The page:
Read an Excerpt
Are You What You Eat?
You've counted calories; you've counted fat--but nothing has worked. And now I tell you to count carbohydrate grams--you may ask, "why?"
I bet that most of you reading this already know the answer. My best selling book, Dr. Atkins' New Diet Revolution, describes the diet's four phases, and the medical and clinical research behind them. Thousands of people are trying the diet for the first time or coming back to the only diet that worked for them. They don't worry about fat grams or calories because they have discovered the real culprit in weight gain: the carbohydrate.
Carbohydrates Versus Calories and Fat
As Americans have followed calorie-counting and low-fat diets faithfully, they have become fatter. And not by just a few pounds. Twenty million more people are obese today than a decade ago. Every man and woman is ten pounds, on average, heavier. And for children, the situation is even worse. Their obesity rates have doubled during the last ten years. Obviously, counting calories and fat grams has not worked.
But these statistics are not surprising to me. Along with our weight, our carbohydrate consumption has gone way up, too--by 50 grams a day! In my experience, treating thousands of patients, I have found that as many as 90 percent of those who are overweight have a metabolic disorder, not an eating disorder. Once their metabolism changes, their bodies adjust automatically to a new method of burning fat. And there is a scientific tool to alter this metabolic pattern: following the low-carbohydrate, high-protein diet.
Being overweight--especially to a significant degree--often represents the identifiable metabolic disorder called hyperinsulinism. When carbohydrates are consumed, insulin floods the bloodstream, but the body is incapable of utilizing it efficiently. You are left with excess insulin, otherwise known as the fat-producing hormone. This reaction can be bypassed by decreasing the carbohydrate intake.
On the Atkins diet, carbohydrates are restricted to a point at which your own fat is burned as the primary source of energy. With the absence of carbohydrates to fuel the body, a signal is sent out to release fat mobilizers. This burning of stored fat is a natural mechanism of our bodies. And, if you need to lose weight, restricting carbohydrates is the easiest, most hunger-free form of dieting.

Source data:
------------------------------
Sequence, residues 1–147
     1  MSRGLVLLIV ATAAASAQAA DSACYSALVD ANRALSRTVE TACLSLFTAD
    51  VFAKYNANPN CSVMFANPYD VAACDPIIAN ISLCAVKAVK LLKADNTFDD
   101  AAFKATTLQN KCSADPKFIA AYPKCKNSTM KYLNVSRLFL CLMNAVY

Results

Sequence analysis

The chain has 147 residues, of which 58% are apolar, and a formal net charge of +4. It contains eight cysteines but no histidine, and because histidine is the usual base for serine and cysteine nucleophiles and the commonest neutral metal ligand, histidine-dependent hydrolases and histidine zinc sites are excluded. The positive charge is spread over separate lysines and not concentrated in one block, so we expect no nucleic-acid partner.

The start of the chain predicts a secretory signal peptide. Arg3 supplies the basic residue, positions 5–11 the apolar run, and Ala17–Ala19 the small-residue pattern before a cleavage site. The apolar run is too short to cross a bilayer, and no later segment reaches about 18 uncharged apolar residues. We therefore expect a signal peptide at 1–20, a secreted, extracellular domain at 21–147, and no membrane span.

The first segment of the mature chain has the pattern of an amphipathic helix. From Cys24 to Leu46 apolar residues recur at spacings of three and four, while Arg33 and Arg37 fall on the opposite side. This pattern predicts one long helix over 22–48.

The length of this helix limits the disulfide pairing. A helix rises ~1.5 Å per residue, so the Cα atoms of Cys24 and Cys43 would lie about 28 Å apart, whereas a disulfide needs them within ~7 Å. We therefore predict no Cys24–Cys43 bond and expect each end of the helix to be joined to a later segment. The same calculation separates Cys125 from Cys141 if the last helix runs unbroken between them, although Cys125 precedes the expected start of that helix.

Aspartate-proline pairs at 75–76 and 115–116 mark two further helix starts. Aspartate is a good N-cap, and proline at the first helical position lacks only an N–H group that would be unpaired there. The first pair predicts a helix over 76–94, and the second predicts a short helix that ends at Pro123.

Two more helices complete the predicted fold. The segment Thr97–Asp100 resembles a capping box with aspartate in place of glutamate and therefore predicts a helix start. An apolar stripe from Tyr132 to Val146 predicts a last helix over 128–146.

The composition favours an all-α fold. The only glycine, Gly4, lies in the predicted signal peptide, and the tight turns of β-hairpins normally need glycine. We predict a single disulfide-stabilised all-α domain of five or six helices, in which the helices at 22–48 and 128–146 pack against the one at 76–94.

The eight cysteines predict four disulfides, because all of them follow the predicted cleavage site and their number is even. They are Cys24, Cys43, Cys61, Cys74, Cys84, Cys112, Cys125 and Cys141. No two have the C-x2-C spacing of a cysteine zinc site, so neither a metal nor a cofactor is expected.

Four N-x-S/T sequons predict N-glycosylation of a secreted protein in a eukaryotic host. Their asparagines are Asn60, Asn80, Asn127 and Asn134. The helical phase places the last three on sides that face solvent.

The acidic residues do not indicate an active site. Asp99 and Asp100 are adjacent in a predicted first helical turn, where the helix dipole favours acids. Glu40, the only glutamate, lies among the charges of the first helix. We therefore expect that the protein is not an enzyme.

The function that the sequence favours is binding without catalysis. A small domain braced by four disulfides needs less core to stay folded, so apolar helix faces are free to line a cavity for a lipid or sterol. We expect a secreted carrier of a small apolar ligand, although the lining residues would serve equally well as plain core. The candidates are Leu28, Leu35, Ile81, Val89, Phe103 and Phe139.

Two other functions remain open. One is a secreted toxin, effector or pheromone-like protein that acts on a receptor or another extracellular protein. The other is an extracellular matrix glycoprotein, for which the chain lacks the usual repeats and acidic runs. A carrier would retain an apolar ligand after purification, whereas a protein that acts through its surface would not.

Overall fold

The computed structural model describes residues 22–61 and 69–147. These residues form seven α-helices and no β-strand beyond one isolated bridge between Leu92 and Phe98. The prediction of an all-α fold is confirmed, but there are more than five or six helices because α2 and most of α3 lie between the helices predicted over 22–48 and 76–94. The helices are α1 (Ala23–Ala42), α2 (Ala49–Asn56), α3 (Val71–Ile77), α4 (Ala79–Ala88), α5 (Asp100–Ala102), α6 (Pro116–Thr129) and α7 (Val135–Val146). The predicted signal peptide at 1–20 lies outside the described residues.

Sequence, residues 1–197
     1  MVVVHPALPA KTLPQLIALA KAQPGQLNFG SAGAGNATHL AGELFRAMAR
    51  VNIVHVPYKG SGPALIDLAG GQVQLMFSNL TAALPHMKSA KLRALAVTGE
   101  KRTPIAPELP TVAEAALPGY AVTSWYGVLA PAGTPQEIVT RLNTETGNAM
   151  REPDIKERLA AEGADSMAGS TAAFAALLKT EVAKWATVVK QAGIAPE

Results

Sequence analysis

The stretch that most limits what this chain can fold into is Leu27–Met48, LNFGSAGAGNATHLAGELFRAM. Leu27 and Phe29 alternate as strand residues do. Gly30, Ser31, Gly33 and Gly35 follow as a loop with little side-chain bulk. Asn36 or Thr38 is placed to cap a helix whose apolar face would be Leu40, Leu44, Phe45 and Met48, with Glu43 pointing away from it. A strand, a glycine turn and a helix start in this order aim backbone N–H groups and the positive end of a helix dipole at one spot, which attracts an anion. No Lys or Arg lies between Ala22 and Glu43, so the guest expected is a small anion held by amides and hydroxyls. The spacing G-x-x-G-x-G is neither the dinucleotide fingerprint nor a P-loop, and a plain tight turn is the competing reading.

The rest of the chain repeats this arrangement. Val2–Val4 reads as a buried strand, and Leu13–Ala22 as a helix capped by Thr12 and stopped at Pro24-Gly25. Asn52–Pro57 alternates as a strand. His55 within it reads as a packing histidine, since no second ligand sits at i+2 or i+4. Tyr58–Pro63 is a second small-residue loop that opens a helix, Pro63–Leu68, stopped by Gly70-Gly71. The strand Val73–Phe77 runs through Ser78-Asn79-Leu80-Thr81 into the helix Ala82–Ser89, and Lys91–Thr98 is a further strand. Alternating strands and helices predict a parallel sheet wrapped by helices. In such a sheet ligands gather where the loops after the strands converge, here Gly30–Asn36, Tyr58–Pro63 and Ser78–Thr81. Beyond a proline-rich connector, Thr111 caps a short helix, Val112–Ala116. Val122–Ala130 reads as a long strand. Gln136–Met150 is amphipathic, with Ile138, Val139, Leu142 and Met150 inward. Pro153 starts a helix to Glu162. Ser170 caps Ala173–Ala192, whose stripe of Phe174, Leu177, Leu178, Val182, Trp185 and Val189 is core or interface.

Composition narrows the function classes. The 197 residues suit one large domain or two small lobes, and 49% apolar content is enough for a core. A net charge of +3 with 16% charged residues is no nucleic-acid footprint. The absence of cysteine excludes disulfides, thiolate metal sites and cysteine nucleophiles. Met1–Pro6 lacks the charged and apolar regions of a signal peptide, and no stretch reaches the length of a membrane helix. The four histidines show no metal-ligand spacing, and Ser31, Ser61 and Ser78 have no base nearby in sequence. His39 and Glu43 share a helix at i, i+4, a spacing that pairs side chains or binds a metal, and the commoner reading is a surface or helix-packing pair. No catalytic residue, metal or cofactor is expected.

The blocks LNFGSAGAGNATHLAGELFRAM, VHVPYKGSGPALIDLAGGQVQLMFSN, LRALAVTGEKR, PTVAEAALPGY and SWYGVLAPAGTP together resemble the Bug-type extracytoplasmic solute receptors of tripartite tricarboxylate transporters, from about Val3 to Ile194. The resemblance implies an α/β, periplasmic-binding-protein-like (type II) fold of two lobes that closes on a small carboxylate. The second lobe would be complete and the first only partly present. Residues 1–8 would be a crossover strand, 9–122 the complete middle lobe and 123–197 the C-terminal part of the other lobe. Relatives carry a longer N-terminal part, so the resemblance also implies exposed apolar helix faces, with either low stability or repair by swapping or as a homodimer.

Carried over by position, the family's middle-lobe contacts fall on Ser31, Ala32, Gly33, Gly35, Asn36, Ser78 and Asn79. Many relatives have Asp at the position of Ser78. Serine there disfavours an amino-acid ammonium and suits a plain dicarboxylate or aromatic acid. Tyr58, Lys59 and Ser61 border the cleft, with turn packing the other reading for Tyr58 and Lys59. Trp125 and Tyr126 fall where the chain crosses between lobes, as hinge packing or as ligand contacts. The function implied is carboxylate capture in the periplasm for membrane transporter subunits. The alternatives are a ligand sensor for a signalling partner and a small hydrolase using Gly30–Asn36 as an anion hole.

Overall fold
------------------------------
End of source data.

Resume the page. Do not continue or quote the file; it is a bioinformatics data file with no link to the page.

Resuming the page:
Add Up the Carbs, Subtract the Weight
Most of us are unfamiliar with the carbohydrate content of most foods. We need to re-train our way of thinking about foods and become aware that carbohydrates can be found in unlikely places. Because understanding the carbohydrate content of foods is a difficult task, I have created this Carbohydrate Gram Counter as a tool for low-carbohydrate dieting. It will be of immediate help in two important ways.
First, success on the Atkins diet is dependent on accurately counting the total carbohydrate grams consumed each day. You should plan meals and snacks, monitoring the carbohydrate grams you consume. To do this with ease, even when dining out, you'll need a handy and thorough reference guide.
Secondly, the Federal government has established food labeling laws making it easier to find out carbohydrate grams of a food. But it can still be difficult to ascertain the actual carbohydrate gram count of everything you eat. The count listed on packages is for "serving sizes," which may be only a minute part of the whole product and can, therefore, be misleading. Also, you may find a label stating "less than one gram" of carbohydrates--but remember, it may contain as high as 0.99 of a gram. When added up, these counts can lead you astray, especially in the Induction Phase of the diet when carbohydrates are most restricted.
Remember that we have included foods in this book that are not recommended on the Atkins diet. We have even included some of the worst carbohydrate culprits, so you can compare your previous diet to a low-carbohydrate diet.